Art. 8. The use of the shores of navigable rivers or creeks, is public; accordingly every one has a right freely to bring his ships to land there, to make fast the same to the trees which are there planted, to unload his vessels, to deposit his goods, to dry his nets, and the like.
Nevertheless the property of the river shores belong to those who possess the adjoining lands.

Art. 9. Things which belong to bodies or corporations are of common use to all those who compose said bodies or corporations respectively: such are the commons of cities, the churches of the different religious congregations and the like.
Even strangers may enjoy the use of things which belong to bodies or corporations, as in the case of the commons of cities, provided the members who compose those bodies or corporations do not object to it.

Art. 10. Things which belong to each individual respectively, form private estates and riches.

Art. 11. Things are divided in the second place into corporeal and incorporeal.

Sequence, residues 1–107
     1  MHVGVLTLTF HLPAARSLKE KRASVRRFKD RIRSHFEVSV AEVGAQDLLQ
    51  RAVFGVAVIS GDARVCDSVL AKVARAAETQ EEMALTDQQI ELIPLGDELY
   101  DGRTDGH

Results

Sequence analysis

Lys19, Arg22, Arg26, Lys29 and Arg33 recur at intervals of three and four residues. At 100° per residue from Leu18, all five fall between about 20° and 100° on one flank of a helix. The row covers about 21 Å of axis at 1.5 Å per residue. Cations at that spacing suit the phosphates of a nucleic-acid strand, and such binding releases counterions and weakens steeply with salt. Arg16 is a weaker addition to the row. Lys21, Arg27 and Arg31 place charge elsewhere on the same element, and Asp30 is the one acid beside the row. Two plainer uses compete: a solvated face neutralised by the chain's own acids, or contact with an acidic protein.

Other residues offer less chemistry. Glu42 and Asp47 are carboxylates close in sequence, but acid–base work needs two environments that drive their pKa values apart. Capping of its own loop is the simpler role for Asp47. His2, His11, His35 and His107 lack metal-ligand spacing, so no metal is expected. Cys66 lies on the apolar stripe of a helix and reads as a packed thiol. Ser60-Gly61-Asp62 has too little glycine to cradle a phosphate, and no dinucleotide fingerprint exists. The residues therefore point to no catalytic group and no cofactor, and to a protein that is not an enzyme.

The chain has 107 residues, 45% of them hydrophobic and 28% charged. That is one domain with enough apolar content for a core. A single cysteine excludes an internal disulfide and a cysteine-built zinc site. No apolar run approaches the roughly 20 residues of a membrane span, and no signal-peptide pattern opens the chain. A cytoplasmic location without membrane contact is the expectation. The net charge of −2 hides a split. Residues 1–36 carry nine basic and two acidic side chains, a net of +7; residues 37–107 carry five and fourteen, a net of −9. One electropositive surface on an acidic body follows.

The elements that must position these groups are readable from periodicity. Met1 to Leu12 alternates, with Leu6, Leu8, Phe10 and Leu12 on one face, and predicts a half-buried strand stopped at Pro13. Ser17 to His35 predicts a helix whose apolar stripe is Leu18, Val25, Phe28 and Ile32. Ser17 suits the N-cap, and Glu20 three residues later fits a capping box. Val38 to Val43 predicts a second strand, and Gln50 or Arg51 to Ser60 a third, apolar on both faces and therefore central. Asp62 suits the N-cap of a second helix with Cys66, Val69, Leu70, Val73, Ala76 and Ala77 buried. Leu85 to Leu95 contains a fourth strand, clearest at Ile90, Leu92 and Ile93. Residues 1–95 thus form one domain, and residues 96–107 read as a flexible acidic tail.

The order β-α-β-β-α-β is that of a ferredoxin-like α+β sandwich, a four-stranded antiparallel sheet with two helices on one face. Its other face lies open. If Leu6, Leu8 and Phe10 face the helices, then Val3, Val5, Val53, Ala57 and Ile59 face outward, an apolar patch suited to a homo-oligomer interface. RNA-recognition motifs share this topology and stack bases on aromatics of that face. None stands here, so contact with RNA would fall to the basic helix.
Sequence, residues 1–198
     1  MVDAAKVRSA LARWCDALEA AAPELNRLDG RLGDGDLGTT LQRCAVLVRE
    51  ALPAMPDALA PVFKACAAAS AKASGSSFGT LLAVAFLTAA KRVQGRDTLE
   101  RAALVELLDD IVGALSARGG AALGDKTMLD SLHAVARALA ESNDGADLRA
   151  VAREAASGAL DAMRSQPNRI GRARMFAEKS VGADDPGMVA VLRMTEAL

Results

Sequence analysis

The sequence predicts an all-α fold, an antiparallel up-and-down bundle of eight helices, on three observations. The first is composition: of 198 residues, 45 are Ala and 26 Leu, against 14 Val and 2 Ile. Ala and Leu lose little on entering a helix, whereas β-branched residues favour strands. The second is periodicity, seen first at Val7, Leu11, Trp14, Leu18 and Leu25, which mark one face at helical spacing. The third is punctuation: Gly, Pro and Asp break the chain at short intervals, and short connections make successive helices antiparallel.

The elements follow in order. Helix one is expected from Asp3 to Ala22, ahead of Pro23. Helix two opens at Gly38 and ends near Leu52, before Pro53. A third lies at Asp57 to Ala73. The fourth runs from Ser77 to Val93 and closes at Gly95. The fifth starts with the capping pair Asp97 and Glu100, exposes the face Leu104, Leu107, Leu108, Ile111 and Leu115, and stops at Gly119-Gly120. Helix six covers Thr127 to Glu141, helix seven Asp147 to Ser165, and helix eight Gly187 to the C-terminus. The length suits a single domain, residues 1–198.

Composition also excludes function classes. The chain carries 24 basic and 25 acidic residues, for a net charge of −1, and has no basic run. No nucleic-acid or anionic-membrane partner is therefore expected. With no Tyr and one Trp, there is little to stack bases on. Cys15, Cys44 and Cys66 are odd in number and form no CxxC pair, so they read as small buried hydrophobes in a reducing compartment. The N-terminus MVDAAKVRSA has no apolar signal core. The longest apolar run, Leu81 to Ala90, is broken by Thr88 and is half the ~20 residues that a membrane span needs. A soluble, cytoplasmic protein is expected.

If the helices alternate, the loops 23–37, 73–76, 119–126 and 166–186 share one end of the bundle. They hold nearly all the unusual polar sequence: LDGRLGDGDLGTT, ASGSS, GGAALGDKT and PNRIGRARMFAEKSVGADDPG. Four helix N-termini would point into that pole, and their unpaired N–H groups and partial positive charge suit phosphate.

Corporeal things are such as are made manifest to the senses, which we may touch and take, which have a body whether animate or inanimate.  Of this kind are fruits, corn, gold, silver, clothes, furniture, lands, meadows, woods and houses.
Incorporeal things are such as are not manifest to the senses, and those which are conceived only by the understanding, such as the rights of inheritance, services and obligations.

Art. 12. The third and last division of things or estates, is into moveable and immoveable.

 

CHAPTER II - OF IMMOVEABLES

Art. 13. Real estate or immoveable things are in general such as cannot be carried from one place to another, or such as those which cannot move.
But this definition strictly speaking is applicable only to such things as are immoveable by their own nature and not to such as are so only by the disposition of the law.

Art. 14. There are things immoveable by their nature, others by their destination, and others by the object to which they apply.